The term "Korean wave" describes the phenomenal growth of Korean and pop culture, which includes, among other things, Korean music, movies, dramas, online games, and cuisine. It is one of the most widely embraced cultures globally.
To the extent that the majority of our meals are influenced by what we see online, which is then hyped and made popular by everyone. I myself is also one of those people who got hooked on this Korean craze and am still under its spell, specifically with the food choices I eat.
Many of my favorite Korean dishes have been popularized by Korean dramas and are widely known in different countries. In fact, wherever you go, there are always one or a few Korean restaurants that are thriving in a foreign land.
They serve most, if not authentic, but decent versions of their iconic dishes. One of the most talked about recipes for me is kimchi fried rice. The one that called for Korea’s national side dish—kimchi.
What is Kimchi Fried Rice with Pork
Kimchi fried rice, also known as, Kimchi-bokkeum-bap is a style of fried rice that is typically made with leftover rice and stir-fried with meat like spam, ham, or bacon, depending on your preferences. It is combined with finely chopped kimchi and seasoned with sesame oil and soy sauce. This is typically topped with garnishes like runny fried eggs, seasoned nori seaweed, and green onions.
In times of cravings, I know your first option would be food delivery or to head out to the nearest Korean restaurant to get your fix. But worry no more. In the event of a sudden urge to eat midnight snacks, you can prepare your own version of Korean Kimchi fried rice at home. What you really need are leftover rice and some authentic Korean ingredients that you can definitely score at Korean groceries.
In this recipe, the only difference is that we'll be using samgyeopsal cut meats to give the dish more flavor and texture rather than using preserved meats.
If you're as excited as I am, let's get cooking!
How to Make Kimchi Fried Rice with Pork
- Using a nonstick pan, fry samgyeopsal meat over medium heat until a little crispy and golden.
2. After frying the pork, remove half of the oil from the pan and add your thinly sliced white onions, chopped garlic, and gochujang. Let it cook for a few minutes until the onions turn translucent.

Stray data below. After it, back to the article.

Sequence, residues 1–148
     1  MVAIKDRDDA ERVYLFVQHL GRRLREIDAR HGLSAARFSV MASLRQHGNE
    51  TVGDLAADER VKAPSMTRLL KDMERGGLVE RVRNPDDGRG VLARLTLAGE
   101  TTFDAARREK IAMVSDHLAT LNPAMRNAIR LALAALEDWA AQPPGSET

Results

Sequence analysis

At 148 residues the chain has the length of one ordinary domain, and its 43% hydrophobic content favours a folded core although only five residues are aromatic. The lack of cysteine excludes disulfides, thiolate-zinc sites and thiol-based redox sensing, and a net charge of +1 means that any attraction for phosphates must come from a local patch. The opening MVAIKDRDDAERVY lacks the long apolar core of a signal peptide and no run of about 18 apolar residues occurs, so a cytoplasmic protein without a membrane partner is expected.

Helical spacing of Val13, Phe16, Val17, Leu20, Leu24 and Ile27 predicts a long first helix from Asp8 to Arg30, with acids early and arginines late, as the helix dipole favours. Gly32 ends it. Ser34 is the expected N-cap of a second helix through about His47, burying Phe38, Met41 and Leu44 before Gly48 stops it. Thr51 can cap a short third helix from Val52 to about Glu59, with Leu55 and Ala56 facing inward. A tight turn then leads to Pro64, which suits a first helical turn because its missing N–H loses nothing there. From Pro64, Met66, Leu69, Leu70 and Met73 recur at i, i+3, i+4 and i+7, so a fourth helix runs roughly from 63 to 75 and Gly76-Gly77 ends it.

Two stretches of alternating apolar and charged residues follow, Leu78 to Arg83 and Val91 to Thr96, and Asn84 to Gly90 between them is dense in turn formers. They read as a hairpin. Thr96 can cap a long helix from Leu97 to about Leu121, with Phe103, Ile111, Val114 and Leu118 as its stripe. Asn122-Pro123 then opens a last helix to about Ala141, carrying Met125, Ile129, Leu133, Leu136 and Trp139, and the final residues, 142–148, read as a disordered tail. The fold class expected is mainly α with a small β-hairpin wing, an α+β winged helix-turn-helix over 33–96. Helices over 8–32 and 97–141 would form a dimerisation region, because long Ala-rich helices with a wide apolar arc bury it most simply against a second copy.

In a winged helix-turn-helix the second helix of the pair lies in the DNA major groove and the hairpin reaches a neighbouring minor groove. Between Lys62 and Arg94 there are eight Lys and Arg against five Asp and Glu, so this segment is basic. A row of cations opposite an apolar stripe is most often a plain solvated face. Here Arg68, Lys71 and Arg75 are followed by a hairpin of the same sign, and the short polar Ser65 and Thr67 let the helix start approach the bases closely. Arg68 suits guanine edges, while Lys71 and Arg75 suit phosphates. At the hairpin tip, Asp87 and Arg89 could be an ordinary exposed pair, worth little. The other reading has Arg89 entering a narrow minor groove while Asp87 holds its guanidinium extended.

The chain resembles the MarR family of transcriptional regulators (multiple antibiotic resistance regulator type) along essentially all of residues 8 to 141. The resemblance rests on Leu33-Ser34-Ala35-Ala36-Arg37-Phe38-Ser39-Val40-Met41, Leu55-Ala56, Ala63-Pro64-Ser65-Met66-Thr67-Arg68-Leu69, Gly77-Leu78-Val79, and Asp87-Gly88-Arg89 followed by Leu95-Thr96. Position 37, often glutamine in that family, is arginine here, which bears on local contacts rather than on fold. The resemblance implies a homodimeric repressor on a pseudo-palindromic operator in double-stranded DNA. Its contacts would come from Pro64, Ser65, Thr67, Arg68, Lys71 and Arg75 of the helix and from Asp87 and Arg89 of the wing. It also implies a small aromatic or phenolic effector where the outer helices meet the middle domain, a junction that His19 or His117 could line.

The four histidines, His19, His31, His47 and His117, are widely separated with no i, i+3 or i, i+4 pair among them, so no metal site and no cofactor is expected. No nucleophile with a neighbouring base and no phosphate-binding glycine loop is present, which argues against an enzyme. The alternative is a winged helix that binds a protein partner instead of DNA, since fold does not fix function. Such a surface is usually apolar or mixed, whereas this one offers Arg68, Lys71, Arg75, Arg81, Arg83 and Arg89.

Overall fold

3. Mix in the chopped kimchi and saute it a little longer before adding your white rice to the pan. Break the leftover rice using your spatula and mix all of the ingredients until they are well combined and evenly incorporated.
4. Season your kimchi fried rice with soy sauce and sesame oil, then mix everything together. You can try it to adjust the taste depending on your preference.
5. Once everything is combined, remove from the heat and stir in the chopped scallions, season with salt and pepper, and mix again.
6. Serve on a plate and top with furikake, chopped scallions, and toasted white sesame seeds.
7. Serve warm and enjoy!
● For fried rice, a wok is an ideal pan to use. However, if you have no wok at home, don’t fret. You may use a nonstick pan instead. Make sure it’s deep enough depending on how much you are cooking. Also, make sure you have enough space to mix the fried rice.
● When slicing your kimchi, use a dedicated chopping board. Kimchi usually leaves a distinct smell and color. If you do not like to stain your chopping board you might want to put parchment paper on top of it before using it for chopping kimchi.
● Making kimchi fried rice the day after your samyeopsal party is a good idea. This will make use of not only your leftover side dishes and rice, but also any leftover meats. However, keep in mind that when using seasoned meats, make sure to adjust the seasoning of your fried rice to prevent it from becoming too salty.
● Fried rice is perfect using day-old rice, however, if you are using freshly cooked rice, make sure to transfer it first to a tray and let it cool before cooking it.
● Kimchi Fried Rice with Pork is already a complete meal, but you can make it extra special by topping it with a fried egg, cooked according to your desired doneness, and shredded dried seaweed.